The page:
Many studies have assessed linear transverse dental and skeletal changes produced by maxillary expansion, but these changes do not necessarily reflect airway dimension changes (15, 16). Previous reports indicate that maxillary expansion is associated with an increase in nasal width, cross-sectional area, and volume (5, 17, 18). Subjective improvement in nasal breathing has also been considered as a concomitant result (7, 8). However, evidence on the changes induced by RME on upper airway volumes further from the nasal cavity, particularly the pharynx, is still inconclusive.
Accurate quantification of RME-induced changes at the upper airways has been a challenge. Linear measurements as performed on cephalograms cannot accurately express the upper airways (19). On the other side, the dimensional accuracy of both conventional com- puted tomography (CT) and cone-beam CT (CBCT) in quantifying the volume of the upper airway has long been verified (14, 20) with small method error, even though imaging reproducibility of dynamic regions has been suggested to be inconsistent (21). Although CBCT can offer reduced cost and radiation exposure to the patient com- pared to traditional CT, the latter shows reduced image noise, improved contrast resolution and accuracy to distinguish between soft tissues and air spaces over the former (22).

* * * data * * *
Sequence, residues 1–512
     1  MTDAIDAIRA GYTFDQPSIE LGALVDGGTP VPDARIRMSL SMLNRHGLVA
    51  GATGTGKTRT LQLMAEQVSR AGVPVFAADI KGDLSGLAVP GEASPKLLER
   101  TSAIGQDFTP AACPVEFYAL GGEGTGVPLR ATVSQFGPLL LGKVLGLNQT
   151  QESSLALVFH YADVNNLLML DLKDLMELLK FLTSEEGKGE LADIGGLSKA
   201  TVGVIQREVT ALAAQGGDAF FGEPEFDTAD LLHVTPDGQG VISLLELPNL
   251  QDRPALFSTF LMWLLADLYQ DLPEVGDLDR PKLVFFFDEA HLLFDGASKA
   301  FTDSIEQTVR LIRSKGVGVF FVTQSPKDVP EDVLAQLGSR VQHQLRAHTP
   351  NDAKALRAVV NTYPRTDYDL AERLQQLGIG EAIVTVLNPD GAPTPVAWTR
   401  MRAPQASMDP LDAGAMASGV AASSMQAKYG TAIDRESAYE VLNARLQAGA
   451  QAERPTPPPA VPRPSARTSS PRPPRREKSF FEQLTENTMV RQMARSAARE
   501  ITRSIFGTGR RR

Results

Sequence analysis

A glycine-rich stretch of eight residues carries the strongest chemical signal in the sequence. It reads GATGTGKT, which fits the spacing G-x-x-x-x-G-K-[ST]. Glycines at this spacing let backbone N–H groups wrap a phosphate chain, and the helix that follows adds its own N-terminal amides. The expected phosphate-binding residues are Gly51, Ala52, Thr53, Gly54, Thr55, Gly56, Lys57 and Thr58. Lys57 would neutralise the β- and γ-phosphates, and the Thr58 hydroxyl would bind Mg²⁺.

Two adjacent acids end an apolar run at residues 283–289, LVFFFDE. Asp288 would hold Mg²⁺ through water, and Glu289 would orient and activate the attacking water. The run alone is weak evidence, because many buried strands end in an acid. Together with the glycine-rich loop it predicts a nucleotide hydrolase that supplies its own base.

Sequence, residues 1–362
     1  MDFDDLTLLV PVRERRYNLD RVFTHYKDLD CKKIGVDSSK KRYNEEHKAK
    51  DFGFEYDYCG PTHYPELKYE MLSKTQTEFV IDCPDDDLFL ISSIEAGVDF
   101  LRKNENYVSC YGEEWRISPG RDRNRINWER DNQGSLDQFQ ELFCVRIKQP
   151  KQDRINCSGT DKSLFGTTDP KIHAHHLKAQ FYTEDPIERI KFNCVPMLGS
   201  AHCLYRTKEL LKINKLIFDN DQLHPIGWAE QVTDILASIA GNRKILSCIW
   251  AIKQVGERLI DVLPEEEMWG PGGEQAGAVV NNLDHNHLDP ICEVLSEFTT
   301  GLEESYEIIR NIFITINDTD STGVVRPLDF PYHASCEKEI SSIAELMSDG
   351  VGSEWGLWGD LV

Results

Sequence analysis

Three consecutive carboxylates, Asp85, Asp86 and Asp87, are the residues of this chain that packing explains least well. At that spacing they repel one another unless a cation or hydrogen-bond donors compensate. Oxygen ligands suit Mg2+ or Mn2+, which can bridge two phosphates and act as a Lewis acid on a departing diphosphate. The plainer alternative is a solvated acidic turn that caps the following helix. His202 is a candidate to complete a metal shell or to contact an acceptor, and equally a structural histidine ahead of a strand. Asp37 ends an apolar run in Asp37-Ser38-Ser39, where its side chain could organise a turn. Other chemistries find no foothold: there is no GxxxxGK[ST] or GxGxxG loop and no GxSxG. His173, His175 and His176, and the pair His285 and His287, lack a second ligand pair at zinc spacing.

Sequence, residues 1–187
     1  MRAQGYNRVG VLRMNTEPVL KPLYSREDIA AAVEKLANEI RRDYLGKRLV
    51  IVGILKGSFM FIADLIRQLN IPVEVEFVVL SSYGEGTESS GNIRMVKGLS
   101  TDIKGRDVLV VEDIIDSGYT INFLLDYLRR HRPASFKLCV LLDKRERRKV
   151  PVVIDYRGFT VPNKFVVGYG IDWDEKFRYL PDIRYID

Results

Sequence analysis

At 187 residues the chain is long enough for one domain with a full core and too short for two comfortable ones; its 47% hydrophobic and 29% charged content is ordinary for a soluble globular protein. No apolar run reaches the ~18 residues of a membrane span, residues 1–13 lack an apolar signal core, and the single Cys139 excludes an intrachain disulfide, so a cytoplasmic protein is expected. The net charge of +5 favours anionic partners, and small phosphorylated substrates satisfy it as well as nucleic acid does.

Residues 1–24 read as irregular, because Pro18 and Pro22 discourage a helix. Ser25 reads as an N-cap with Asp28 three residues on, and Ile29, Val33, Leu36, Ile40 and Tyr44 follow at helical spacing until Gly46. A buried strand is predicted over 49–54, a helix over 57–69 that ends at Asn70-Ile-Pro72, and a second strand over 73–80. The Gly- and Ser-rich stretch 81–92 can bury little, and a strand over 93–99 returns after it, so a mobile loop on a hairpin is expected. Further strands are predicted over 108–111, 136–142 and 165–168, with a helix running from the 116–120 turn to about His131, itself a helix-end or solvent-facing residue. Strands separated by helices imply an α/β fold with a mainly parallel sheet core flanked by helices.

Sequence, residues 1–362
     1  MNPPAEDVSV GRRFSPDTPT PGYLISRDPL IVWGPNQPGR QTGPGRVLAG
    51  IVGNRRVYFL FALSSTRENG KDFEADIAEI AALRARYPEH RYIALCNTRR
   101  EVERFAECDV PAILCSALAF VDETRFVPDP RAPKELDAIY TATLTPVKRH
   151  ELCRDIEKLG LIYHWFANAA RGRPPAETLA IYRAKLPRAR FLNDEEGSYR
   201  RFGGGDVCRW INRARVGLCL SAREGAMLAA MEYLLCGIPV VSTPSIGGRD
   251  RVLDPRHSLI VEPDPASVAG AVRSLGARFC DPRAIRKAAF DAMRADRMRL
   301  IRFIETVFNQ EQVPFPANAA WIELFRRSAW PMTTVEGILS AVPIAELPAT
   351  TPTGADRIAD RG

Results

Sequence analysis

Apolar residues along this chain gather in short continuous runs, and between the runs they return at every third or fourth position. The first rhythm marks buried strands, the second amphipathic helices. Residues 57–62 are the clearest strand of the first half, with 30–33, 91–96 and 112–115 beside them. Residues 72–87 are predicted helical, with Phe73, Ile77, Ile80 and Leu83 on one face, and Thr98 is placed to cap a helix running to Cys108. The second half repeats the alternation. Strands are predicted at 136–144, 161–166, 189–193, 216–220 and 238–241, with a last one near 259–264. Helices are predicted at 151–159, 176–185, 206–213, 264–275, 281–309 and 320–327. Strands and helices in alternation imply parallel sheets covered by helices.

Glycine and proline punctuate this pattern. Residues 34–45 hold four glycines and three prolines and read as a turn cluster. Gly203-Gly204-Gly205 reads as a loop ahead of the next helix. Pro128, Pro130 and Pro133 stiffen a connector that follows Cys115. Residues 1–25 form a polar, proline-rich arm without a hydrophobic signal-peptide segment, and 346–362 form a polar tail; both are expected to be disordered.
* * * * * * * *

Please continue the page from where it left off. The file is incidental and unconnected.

Acoustic rhinometry (AR), developed by Hilberg (23) can be used to objectively evaluate the nasal anatomy based on the reflec- tion of sound waves within the nasal cavity. Measurements are then processed to calculate nasal cavity area, volume, and resistance (15). Use of a decongestant is common to produce readings that are minimally influenced by the highly dynamic nasal mucosal tissues (24). Although AR has been shown to have good agreement with magnetic resonance imaging and CT in the anterior nasal cavity up to 6 cm from the nostrils (25), it may over-estimate cross-sectional areas in the posterior portion of the nasal cavity and pharynx, due to partial contribution of the maxillary sinuses (26).
A previous systematic review (27) reported on the subject, however, only studies up to 2010 were included, no meta-analysis was per- formed, and the quality of overall evidence was not assessed with the Grading of Recommendations Assessment, Development and Evaluation (GRADE) approach (28). The aim of this study was to summarize in systematic manner evidence on upper airway volume changes induced by RME based on clinical studies in growing patients.